Almost exactly the same could be said for the American Douglas Dauntless dive bomber [255mp, 2 x .5 and 2 x .3 mg, 1,200lb’s bombs, 1,115 miles range]. Arrived at the same time, same strengths, similar weaknesses. Like all American aircraft it could absorb considerably more damage than any Japanese plane, but like all daylight attack aircraft, its top speed made it a sitting duck against organized fighter defenses. The greatest success of the Dauntless was at Midway, where the sacrificial run of the Devastator torpedo bombers fortuitously arrived just far enough in advance to pull the entire Japanese fighter cover away and allow the Dauntless’ exactly the sort of unopposed attacks that the theoretically inferior Japanese Val dive bombers had enjoyed at Ceylon and Coral Sea. The increased success of the Dauntless later in the war was in direct parallel to the increased ability of American fighters to clear a path. By the time of the sinking of the Yamato in 1945, Dauntless’ always had almost completely unopposed runs. (Perhaps that is why it continued in operation when every other contemporary aircraft had been replaced?)

Planes in the pipeline

The replacement for the Val was en-route, but not to be in service much before 1943. It was far faster and therefore more effective Yokosuku D4Y Judy [360mph, 3 x 7.7mm mg, 1,100lb’s bombs, 790 miles range], but suffered the durability weaknesses of all Japanese aircraft. Nonetheless, had it been available for the crucial battles of 1942, there is little doubt that American losses would have been far greater. It was much faster than The Dauntless, and carried a heavier bomb, though for a shorter range. Unfortunately it was so fast that it could not be used on the smaller carriers that dominated Japanese operations after the Midway losses. Restricted to the few big fleet carriers left, this just meant that mixed carrier groups had aircraft of mixed performances, leading to more dispersion of attacks. The vast majority of these aircraft produced finished up operating from land bases.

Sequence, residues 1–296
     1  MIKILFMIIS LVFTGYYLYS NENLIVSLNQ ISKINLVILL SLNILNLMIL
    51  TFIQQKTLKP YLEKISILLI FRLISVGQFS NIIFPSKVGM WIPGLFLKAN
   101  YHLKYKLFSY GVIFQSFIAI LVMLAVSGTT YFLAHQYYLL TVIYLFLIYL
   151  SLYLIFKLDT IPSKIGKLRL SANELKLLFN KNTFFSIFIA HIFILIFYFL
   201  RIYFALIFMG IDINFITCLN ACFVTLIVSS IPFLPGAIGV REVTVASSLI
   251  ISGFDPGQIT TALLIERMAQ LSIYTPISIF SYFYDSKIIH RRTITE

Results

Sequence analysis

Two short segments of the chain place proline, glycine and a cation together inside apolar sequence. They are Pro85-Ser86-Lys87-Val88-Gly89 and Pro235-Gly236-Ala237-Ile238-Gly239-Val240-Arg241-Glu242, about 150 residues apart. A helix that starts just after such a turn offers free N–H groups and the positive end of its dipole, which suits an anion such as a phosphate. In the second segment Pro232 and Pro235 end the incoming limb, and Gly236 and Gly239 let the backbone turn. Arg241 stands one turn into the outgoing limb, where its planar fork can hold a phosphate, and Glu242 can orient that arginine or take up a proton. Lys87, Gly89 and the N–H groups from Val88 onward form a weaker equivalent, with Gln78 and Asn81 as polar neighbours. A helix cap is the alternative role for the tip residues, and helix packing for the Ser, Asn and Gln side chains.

Similarly the replacement for the Albacore was en route, but the Fairey Barracuda [245mph, 2 x .303 mg, 1,600lb torpedo or bombs, 1,150 miles range] was put back once alternatives became available. The Barracuda was slower than most other naval strike aircraft from later in the war, but was a reasonably flexible and durable aircraft. Not only could it operate efficiently as either a torpedo or dive bomber (it did so to devastating effect against the Tirpitz in 1944), or with rockets, it could use rocket assisted take-offs to operate from the smaller escort carriers unsuitable to most more modern aircraft. It’s main fault was experienced during the raids on the Netherlands East Indies, where its cold weather optomised engine had greatly reduced performance in the heat, particularly attempting to climb over mountain ranges. For Pacific operations it was usually replaced with Avengers, and it served out its operational life in the Atlantic.